“A Tribute to Martin Luther King, Jr.,” in Jeannine Swift, ed., Dream and Reality: The Modern Black Struggle for Freedom and Equality (Westport, CT: Greenwood Press, 1991), pp. 13-17.

“King’s Plagiarism: Imitation, Insecurity, and Transformation,” Journal of American History 78 (June 1991): 86-92.

“Where Martin Luther King, Jr. Was Going: Where Do We Go From Here and the Traumas of the Post-Selma Movement,” Georgia Historical Quarterly 75 (Winter 1991): 719-736. (Reprinted in Faith and Freedom 2 [December 1993]: 26-32).

“Martin Luther King, Jr., and the Spirit of Leadership,” in Peter J. Albert & Ronald Hoffman, eds., We Shall Overcome: Martin Luther King, Jr., and the Black Freedom Struggle (New York: Pantheon Books, 1990), pp. 11-34, 257-60.

“How King Borrowed: Reading the Truth Between Sermons and Footnotes,” Washington Post, 18 November 1990, pp. Cl, C5.

James Colaiaco, Martin Luther King, Jr.: Apostle of Militant Nonviolence, in The Historian 53 (February 1990): 348-49.

“Martin Luther King, Jr.,” in William Ferris & Charles R. Wilson, eds., Encyclopedia of Southern Culture (Chapel Hill: University of North Carolina Press, 1989), pp. 216-17.

“Martin Luther King and the Fall of Birmingham,” in Paul D. Escott & David R. Goldfield, eds., Major Problems in the History of the American South, vol. 2 (Lexington, Mass.: D.C. Heath, 1989), pp. 566-590. (Adapted from Bearing the Cross).

“Preface” for Ira G. Zepp, Jr., The Social Vision of Martin Luther King, Jr. (New York: Carlson Publishing, 1989), pp. xi-xii. (Vol.18 of King and the Movement).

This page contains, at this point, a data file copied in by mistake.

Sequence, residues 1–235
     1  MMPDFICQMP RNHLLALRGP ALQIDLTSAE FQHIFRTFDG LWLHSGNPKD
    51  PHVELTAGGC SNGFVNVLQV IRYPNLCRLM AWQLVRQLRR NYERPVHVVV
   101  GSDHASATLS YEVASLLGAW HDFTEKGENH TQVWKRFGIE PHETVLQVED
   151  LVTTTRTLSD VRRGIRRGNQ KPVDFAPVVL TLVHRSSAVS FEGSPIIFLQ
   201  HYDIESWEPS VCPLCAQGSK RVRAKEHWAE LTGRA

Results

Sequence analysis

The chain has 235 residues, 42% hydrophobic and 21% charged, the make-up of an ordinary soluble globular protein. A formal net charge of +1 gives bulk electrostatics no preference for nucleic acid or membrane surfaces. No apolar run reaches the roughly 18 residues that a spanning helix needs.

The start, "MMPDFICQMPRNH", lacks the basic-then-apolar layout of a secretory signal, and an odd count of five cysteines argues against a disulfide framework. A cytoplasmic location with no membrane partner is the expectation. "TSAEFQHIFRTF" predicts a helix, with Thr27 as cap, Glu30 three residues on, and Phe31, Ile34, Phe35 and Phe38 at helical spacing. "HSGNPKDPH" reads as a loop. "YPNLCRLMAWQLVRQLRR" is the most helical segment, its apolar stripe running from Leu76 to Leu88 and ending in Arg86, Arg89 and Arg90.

“Civil Rights Potpourri,” Dissent 36 (Winter 1989): 124-125. (Taylor Branch, Parting the Waters).

“The Misguided Sanitizing of King’s Image,” Atlanta Journal-Constitution, 22 October 1989, pp. H1-H2; The Oregonian, 22 October 1989, pp. K1, K7.

“Climbing to the Mountaintop With Martin Luther King,” Boston Globe,15 October 1989, pp. B93-95. (Ralph Abernathy, And the Walls Came Tumbling Down).

“Martin Luther King, Jr.: The Making of an Orator,” Washington Post Book World, 15 January 1989, pp. 1, 4.

“’I March Because I Must’–King vs. Daley in Chicago,” Chicago History 17 (Spring-Summer 1988): 24-45. (Adapted from Bearing the Cross).

“King’s Economic Justice Goals Remain Unfulfilled,” Atlanta Journal-Constitution, 17 January 1988, pp. C1, C8; The Oregonian, 17 January 1988, pp. K1, K7.

“Martin Luther King, Jr.’s ‘I Have A Dream’ Speech,” in David Nasaw, ed., The Course of United States History, vol. 2 (Chicago: Dorsey Press, 1987), pp. 351-361.